Tennessee is an excellent state to visit this summer if you're looking to book an outdoor adventure full of hiking, camping, kayaking, and exploring. Below are some of the more beautiful and majestic waterfalls in the Volunteer State. Plan a trip to see one or more of these amazing sights. Tall Falls: Fall Creek Falls Spencer's Fall Creek Falls is one of the highest waterfalls in the eastern United States at an awe-inspiring 256 feet. You'll find the falls located in one of Tennessee's largest and most-visited state park, Fall Creek Falls State Park, with 29,800 pristine acres. Make your way to one of several scenic outlooks, feel the spray and soak up the views. A Mighty Roar: Abrams Falls Abrams Falls in the fall - courtesy of Natalie Strong There are taller waterfalls in Tennessee — but Abrams Falls might be the loudest. Standing at 20 feet tall, the water cascades with a mighty roar into the pools below. You'll hear it before you see it! Located in the legendary Great Smoky Mountains National Park, Abrams is ideal for hikers; you'll take a round trip of five miles of moderate to difficult terrain, including a few narrow (but fun!) log bridges. Bring your best hiking shoes! Easy To See: Bald River Falls Don't feel like hiking? No problem. You can get an eyeful of the 90-foot Bald River Falls in Cherokee National Forest from the comfort of your car. But if you want to stretch your legs a bit, trails take hikers high above the falls along the Bald River Gorge. However you see it, this spot is truly spectacular year-round, with nature lovers and photographers flocking to enjoy its majesty. Waterfall for All: Cummins Falls Cummins Falls in Cookeville, TN - courtesy of TNVacation.com Nine miles north of Cookeville on the Blackburn Fork State Scenic River, Cummins Falls State Park has been a summer favorite amongst Tennesseans for over a century now. But in 2024, things are getting even better. The park just unveiled a 3,600 sq. ft. ADA accessible overlook at the end of the .4-mile Falls Overlook Trail, providing easy access for wheelchair users to enjoy the 75-foot-tall Cummins Falls. Good to know: Gorge Access Permits are required to access the gorge — reserve yours here.Make a Splash: Greeter Falls Located within the scenic Savage Gulf State Park in Palmer, Greeter Falls boasts a lovely 15-foot upper ledge that flows freely over a 50-foot lower ledge. The water ends up in a plunge pool that provides the perfect opportunity for cooling off in during summer's hotter days. Be cautious, however — there are no lifeguards on duty! Good to know: Between them, the nearby South Cumberland State Park and Savage Gulf State Park have several major waterfalls, and many smaller ones. Tennessee Jungle: Lost Creek Falls Lost Creek State Natural Area in Sparta, TN by Brice Cooper - Unsplash Fun fact: Lost Creek Falls (located in Lost Creek State Natural Area) was one of a handful of Tennessee filming locations in the 1994 version of Disney's beloved The Jungle Book. Once you see it, you'll understand why Mowgli and Baloo felt so at home here. Surrounded by lush ferns and flowers in the summer, Lost Creek Falls drop dramatically 40 feet from a large spring before disappearing mysteriously into underground caverns. Hidden Historic Gem: Walls of Jericho According to local lore, the Walls of Jericho in Belvidere were one of famed frontiersman David Crockett's favorite hunting grounds. He kept them a closely guarded secret back in the old days, and they're still among the lesser-known falls in Tennessee. But they're very much worth seeking out. Located along the Tennessee-Alabama line, the water spills down rugged cliffsides into gorgeous blue pools. Kayaker's Delight: The Great Falls Rock Island State Park waterfalls by Intricate Explorer - Unsplash Freestyle Kayakers at The Great Falls in the 883-acre Rock Island State Park get to enjoy an authentically interactive experience at the 30-foot horseshoe cascading waterfall. The power of the falling water often creates whitewater-like conditions, creating a thrilling challenge for even the most experienced aquatic adventurers.Hancock County Hot Spot: Elrod Falls Take a day trip to Hancock County, a northeastern Tennessee rural gem filled with bluegrass heritage, rolling hills — and waterfalls, of course. About half an hour southwest down the valley from downtown Sneedville you'll find the multi-tiered Elrod Falls, a must-see natural attraction in the area. The first tier of this three-tiered waterfall can be accessed via car, and a short hike will bring you up and around to the second and third tiers. Grand View: Upper Piney Falls This waterfall is located in the aptly named Grandview. And grand views are what you'll get when you reach Piney Falls, one of only 14 National Natural Landmarks in Tennessee. Little Piney Creek plunges 80 feet over Upper Piney Falls into a pool below and then drops another 40 feet over Lower Piney Falls. At Upper Piney Falls, a concave ledge circles behind and around the falls where you can follow a trail for incredible panoramas of the gorge. —Learn more about Tennessee waterfalls at TNvacation.com.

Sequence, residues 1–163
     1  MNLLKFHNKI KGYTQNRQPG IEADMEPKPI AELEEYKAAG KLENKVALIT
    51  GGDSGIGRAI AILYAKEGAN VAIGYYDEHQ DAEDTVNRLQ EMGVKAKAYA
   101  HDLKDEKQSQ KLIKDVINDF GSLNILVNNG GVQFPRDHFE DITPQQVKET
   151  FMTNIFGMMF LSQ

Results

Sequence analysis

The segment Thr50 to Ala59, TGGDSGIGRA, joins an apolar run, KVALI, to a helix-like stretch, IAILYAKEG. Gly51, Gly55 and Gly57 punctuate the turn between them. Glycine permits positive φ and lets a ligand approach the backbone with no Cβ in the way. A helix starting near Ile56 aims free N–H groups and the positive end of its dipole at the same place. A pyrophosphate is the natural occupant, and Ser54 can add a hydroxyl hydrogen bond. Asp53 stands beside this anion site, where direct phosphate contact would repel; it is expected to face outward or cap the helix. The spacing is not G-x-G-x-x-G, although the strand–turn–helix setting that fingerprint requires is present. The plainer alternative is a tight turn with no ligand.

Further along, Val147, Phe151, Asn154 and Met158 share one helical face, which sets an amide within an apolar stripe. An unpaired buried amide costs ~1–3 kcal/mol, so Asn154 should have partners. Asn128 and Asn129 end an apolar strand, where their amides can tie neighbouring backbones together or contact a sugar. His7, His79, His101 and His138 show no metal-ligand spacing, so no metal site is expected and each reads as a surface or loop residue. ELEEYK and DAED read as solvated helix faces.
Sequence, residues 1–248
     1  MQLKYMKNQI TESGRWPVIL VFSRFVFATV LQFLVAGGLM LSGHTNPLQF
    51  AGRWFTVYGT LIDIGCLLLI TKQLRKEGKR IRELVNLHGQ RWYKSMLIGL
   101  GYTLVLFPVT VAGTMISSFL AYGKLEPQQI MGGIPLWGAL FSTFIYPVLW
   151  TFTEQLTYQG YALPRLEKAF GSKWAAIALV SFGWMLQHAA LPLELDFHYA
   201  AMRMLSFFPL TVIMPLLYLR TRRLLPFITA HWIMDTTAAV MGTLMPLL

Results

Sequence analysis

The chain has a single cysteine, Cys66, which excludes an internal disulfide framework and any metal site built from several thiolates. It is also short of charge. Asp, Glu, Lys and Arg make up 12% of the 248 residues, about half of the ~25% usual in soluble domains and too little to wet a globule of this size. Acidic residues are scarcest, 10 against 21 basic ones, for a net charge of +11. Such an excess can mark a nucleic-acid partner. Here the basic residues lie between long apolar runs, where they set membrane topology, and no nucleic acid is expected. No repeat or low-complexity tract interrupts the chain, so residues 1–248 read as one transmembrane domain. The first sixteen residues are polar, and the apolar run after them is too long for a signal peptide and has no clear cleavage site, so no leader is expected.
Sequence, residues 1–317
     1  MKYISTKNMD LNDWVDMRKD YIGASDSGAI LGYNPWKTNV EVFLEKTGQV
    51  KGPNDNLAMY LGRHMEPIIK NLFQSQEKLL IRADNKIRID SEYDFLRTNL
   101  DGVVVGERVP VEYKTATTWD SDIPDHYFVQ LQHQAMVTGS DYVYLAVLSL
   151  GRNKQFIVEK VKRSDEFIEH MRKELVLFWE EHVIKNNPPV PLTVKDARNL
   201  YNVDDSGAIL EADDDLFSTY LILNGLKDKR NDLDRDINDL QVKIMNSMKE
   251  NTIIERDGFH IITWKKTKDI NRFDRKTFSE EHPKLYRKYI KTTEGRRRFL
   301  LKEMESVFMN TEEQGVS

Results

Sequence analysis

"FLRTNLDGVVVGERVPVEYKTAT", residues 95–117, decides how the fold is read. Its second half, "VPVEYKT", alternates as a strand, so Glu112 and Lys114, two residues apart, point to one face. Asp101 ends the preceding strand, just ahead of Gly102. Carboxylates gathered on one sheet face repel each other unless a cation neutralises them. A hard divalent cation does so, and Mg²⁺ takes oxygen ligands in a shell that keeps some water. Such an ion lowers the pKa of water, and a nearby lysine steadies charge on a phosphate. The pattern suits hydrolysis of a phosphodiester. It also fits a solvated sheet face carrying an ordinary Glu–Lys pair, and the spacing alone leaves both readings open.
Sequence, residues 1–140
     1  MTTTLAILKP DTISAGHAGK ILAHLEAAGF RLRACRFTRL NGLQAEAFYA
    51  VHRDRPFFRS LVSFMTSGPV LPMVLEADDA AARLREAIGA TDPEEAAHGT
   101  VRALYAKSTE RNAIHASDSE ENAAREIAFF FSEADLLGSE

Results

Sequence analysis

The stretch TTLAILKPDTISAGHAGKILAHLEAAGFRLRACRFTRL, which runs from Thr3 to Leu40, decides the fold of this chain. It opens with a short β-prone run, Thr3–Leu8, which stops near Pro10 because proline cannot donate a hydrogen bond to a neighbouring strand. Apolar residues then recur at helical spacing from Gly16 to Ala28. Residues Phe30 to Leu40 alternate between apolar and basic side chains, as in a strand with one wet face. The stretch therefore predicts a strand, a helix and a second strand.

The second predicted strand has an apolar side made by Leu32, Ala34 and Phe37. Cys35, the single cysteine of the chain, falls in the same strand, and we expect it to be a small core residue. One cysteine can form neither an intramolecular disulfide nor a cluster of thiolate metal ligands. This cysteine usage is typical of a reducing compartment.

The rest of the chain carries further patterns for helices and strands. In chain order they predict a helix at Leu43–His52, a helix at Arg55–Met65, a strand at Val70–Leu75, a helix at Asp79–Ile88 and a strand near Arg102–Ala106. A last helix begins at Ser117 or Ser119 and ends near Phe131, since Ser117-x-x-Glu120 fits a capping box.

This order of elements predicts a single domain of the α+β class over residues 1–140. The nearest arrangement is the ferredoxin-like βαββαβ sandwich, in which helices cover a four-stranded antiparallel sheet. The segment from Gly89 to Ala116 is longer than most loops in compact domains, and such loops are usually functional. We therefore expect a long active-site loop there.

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Scenic Destinations for Nature Lovers to Book this Spring